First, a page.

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Am Fam Physician. 2005;72(2):online-only-

to the editor: Physicians are using statins more often for the treatment of hyperlipidemia, and they should be aware of the potentially serious interaction between statins and azole antifungals. We report a case of rhabdomyolysis resulting from the addition of itraconazole (Sporanox) to a stable medication regimen that included simvastatin (Zocor).

The patient is a 67-year-old woman with dyslipidemia, diabetes mellitus, hypertension, and coronary artery disease. Her medications included simvastatin, enalapril (Vasotec), isosorbide dinitrate (Sorbitrate), atenolol (Tenormin), and insulin. Three weeks before presentation, she was prescribed itraconazole for onychomycosis. Two weeks after starting this medication, the patient presented to her primary physician with complaints of weakness in her arms and legs. Her symptoms were progressive, leading to the inability to walk without assistance. She was referred to the emergency department for further evaluation. Her examination was significant for upper and lower extremity proximal muscle weakness and the inability to rise from a sitting position. Laboratory tests revealed a total creatine kinase of 17,439 U per L and urine myoglobin of 130 mg per dL. Serum electrolytes and renal function were normal. Hepatic function revealed an aspartate transaminase of 805 U per L and alanine transaminase of 421 U per L. Hepatitis serologies were negative. Rheumatologic evaluation for myositis included antinuclear antibody screen, centromere antibody, rheumatoid factor, JO-1 autoantibody, SCL-70 autoantibody, all of which were negative.

The patient was admitted for rhabdomyolysis and was treated with intravenous hydration; urinary alkalinization was not performed. During the seven-day hospitalization, the patient regained her baseline motor strength. The creatine kinase peaked at 20,740 U per L and then normalized. The hepatic transaminases also normalized, and the patient’s renal function and urine remained normal. The patient was discharged and continues to follow with her primary physician.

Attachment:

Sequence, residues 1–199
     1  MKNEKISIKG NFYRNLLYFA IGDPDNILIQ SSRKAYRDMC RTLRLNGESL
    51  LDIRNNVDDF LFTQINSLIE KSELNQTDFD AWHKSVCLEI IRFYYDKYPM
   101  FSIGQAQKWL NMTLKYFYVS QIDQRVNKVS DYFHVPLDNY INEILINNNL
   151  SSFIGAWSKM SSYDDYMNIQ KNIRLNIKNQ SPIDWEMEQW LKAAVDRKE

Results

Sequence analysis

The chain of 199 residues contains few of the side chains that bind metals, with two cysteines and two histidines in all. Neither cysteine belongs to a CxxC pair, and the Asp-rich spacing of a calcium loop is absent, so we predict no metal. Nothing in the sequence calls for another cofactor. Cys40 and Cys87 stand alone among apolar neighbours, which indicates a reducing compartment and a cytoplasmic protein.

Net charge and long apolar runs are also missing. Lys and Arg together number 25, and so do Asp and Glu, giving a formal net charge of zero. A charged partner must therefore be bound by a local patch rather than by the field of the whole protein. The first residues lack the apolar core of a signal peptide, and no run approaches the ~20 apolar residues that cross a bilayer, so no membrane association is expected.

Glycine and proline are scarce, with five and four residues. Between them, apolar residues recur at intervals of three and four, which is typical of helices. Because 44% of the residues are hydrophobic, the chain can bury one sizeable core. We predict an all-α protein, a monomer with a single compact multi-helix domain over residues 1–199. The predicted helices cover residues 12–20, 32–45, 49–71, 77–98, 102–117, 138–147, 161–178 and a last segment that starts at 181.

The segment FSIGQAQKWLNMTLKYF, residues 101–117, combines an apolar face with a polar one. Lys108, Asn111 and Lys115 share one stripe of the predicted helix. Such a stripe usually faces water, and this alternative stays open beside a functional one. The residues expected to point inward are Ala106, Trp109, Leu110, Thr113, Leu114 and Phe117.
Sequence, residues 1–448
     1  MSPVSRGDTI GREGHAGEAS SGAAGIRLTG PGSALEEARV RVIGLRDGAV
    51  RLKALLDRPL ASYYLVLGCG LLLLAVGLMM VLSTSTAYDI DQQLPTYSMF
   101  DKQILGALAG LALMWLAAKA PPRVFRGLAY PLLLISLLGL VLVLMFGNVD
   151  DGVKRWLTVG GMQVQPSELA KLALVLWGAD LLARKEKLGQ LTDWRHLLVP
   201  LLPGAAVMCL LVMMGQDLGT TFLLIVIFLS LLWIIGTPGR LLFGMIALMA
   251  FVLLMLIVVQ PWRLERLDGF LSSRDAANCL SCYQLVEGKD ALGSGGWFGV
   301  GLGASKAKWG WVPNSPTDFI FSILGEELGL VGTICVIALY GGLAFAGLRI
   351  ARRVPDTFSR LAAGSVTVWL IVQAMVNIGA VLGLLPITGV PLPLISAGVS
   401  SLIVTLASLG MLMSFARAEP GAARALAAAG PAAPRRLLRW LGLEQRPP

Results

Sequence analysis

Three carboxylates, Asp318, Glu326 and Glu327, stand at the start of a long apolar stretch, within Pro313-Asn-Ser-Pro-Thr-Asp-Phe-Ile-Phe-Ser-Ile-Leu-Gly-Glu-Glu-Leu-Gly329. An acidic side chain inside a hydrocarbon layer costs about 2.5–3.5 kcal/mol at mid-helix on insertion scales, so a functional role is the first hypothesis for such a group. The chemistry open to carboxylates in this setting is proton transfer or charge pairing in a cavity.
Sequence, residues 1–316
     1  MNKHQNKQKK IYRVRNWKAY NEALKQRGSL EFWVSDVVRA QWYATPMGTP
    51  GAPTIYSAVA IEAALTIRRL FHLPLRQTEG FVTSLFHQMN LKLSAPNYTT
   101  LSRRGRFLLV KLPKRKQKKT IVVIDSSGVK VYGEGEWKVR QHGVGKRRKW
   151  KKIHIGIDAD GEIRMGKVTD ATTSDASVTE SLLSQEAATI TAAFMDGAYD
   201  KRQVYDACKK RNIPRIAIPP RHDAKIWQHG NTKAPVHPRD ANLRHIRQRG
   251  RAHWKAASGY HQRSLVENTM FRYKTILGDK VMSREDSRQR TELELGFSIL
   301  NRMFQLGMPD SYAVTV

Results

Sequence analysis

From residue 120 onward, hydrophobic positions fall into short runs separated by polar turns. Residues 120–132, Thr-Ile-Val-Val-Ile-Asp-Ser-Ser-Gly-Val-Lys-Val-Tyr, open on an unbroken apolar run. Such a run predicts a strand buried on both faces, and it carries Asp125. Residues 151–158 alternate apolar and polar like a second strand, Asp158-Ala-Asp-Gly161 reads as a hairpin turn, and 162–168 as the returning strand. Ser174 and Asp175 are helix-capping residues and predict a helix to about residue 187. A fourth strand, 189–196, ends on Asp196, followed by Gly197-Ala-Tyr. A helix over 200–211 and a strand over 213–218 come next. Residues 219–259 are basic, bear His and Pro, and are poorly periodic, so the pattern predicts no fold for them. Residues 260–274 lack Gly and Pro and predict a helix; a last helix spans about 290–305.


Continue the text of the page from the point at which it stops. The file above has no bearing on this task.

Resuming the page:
The statins atorvastatin (Lipitor), cerivastatin (Baycol), lovastatin (Mevacor), and simvastatin are metabolized by the cytochrome P450 system, primarily CYP3A4.1 Pravastatin (Pravachol) is not appreciably metabolized2 and fluvastatin (Lescol) is primarily metabolized by CYP2C9.3 Rosuvastatin (Crestor) is excreted in the feces unchanged (90 percent), and the remainder undergoes metabolism by CYP2C9.4 The azole antifungals: fluconazole (Diflucan), itraconazole, ketoconazole (Nizoral), and miconazole (Monistat) are potent inhibitors of CYP3A4. Inhibition of CYP3A4 results in markedly increased plasma statin levels, which increase the risk for myopathy. Lovastatin and simvastatin have the greatest potential for this interaction.5

Because statins remain some of the most commonly prescribed pharmaceuticals,6 physicians are challenged to identify concomitant agents that inhibit their metabolism, namely CYP3A4 inhibitors. The reader is referred to Bottorff and Hansten1 for a concise review and a complete list of CYP3A4 and 2C9 substrates and inhibitors. For physicians facing this issue, it may be prudent to employ a drug holiday for the duration of antifungal therapy, choose a statin that does not have this interaction, or use another class of antifungal.

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This series is coordinated by Kenny Lin, MD, MPH, deputy editor.

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